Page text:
When is an article not an article? When it’s a component. Sometimes. Perhaps. Maybe. We’ll see.
Beware of SVHC’s.
Firstly, the (slightly) technical bit.
Article 33(1) of REACH obliges suppliers to provide certain information to downstream users if Substances of Very High Concern (SVHC) are present in an article that they supply at a concentration of above 0.1% w/w. There is also an obligation on producers and importers under Article 7(2) of REACH to notify ECHA if an SVHC is present in articles in quantities greater than 1 tonne per producer or importer per year and if the substance is present in those articles at quantities greater than 0.1% by weight.
But what is an article?
Well, Article 3(3) of the REACH regulation defines an article as “an object which during production is given a special shape, surface or design which determines its function to a greater degree than does its chemical composition”
Secondly, the issue.
Because interpretation of the regulations must be applied with consistency across all the member states, an issue arose when seven countries, including Germany and France, and contrary to other member states, decided that your new TV, for example, was not to be considered as just one finished article but as a collection of articles. So, while an SVHC may not make up greater than 0.1% of the TV as a whole, it may constitute >0.1% of an individual component or sub-assembly part of the TV.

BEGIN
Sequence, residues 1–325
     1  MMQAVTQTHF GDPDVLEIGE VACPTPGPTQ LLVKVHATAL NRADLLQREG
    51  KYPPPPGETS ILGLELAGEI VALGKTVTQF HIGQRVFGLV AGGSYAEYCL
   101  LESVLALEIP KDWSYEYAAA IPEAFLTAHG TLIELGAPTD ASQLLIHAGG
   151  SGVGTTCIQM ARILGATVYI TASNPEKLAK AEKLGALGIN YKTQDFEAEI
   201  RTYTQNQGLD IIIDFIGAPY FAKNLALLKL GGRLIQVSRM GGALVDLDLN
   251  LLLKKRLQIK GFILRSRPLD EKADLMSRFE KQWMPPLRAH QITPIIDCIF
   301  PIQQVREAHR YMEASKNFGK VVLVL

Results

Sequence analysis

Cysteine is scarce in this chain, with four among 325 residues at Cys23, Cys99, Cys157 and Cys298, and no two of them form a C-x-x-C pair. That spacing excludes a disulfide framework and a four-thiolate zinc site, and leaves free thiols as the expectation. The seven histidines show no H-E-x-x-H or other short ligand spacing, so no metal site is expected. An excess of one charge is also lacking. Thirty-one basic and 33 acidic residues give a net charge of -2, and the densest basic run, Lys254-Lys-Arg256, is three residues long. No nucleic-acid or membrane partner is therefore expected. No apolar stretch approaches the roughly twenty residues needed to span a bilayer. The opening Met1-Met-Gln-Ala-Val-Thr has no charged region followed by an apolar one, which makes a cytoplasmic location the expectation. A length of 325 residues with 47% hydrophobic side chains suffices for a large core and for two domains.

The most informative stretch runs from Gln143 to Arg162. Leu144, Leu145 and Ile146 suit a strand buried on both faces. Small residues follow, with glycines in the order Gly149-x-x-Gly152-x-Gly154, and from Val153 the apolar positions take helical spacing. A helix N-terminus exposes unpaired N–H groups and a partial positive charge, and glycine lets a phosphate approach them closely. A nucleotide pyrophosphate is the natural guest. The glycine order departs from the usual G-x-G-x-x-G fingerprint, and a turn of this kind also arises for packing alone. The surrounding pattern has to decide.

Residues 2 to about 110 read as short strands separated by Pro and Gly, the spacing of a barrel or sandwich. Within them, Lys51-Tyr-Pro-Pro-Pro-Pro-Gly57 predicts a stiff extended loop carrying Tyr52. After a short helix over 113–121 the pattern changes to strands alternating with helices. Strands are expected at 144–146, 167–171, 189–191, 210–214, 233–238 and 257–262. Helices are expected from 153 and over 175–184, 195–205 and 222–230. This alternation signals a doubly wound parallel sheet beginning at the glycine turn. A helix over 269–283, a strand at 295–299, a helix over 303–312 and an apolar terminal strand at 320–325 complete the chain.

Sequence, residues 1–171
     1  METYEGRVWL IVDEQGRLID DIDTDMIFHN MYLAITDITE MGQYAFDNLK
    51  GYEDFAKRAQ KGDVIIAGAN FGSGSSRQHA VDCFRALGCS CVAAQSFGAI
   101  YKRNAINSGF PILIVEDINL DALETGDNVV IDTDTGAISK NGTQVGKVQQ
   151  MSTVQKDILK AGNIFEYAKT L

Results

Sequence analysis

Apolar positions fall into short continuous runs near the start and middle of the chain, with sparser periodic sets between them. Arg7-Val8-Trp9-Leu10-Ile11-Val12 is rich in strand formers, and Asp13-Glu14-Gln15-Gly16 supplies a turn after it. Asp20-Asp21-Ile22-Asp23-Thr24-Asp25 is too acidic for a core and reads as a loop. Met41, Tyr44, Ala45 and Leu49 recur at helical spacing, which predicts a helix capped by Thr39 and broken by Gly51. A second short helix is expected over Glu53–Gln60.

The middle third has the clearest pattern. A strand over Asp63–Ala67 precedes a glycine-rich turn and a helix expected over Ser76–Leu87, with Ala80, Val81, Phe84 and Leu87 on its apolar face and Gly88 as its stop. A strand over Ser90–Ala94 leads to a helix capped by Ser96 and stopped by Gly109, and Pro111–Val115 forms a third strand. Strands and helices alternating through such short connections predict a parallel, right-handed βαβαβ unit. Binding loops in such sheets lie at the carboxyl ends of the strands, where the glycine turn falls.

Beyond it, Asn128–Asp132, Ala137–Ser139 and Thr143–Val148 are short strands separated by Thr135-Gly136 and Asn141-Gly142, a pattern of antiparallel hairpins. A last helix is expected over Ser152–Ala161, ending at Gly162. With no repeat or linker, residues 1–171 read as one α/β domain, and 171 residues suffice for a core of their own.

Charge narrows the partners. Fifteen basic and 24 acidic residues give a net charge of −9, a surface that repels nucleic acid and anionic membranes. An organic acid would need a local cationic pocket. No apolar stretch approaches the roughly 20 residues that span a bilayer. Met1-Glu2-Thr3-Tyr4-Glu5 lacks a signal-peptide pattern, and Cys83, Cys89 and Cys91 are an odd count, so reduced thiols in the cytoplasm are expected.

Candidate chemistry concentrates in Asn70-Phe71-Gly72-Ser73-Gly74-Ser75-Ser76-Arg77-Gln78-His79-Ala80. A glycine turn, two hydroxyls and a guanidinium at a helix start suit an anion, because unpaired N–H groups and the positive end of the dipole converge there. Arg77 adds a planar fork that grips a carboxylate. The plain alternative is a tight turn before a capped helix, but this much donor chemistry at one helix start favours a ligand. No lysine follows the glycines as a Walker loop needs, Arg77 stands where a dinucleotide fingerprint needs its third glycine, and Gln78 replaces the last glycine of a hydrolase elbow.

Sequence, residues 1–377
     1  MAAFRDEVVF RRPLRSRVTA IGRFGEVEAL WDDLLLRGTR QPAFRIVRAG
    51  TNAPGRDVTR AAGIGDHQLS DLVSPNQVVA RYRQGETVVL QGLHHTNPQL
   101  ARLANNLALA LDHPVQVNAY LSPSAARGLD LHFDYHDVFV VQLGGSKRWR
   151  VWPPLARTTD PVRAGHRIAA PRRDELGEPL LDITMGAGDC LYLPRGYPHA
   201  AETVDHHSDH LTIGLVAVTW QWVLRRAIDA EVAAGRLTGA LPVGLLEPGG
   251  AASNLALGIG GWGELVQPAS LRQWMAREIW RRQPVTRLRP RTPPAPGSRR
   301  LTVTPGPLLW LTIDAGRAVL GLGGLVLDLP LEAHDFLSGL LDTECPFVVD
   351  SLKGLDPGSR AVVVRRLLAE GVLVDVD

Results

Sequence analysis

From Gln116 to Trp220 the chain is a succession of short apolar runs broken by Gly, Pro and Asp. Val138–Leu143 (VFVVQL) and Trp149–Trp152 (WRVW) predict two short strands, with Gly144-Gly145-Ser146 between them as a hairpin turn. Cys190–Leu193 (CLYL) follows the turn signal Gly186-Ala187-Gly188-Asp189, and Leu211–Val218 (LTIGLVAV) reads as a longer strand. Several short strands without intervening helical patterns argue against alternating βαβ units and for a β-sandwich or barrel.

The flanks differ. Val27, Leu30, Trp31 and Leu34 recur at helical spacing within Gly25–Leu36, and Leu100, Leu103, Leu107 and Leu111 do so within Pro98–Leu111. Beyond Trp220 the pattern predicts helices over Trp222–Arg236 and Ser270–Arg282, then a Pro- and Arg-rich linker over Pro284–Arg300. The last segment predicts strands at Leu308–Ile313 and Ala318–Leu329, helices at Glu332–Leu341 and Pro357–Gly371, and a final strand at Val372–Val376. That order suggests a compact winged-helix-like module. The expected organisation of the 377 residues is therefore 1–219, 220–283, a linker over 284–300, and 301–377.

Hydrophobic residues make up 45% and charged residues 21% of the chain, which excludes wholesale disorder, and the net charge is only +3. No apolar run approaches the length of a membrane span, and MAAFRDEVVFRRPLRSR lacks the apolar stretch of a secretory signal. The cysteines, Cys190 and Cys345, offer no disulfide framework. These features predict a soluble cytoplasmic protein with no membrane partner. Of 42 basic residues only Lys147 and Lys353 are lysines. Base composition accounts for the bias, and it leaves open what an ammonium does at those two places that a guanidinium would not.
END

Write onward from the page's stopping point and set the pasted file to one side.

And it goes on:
In light of the differing interpretations the European Court of Justice (ECJ) was asked to rule on whether the 0.1% threshold applied to the completed finished article, the TV in our case, or whether it applied to the sub components separately. In our example this would be, for example, the outer plastic casing, the screen, the wiring, the electronic components, etc.
Thirdly, the outcome (well, almost)
The Advocate-General, an advisor to the Court of Justice, was asked by the court for a legal opinion on whether an article is the final product, the whole TV, or whether components of articles are also articles. The Advocate-General recently reported back to the ECJ with her opinion. In summary the opinion stated that the sub-components still met the definition of an article as described above. The ECJ is now obliged to consider the opinion of the Advocate –General before finally ruling on the matter. The decision is expected in the Summer of this year (2015). That decision will then be enforced in all member states.
The final decision could have serious ramifications for producers and importers of articles and their obligations to notify SVHC’s to ECHA and to satisfy the requirements with regard to communication within their supply chain. Watch this space.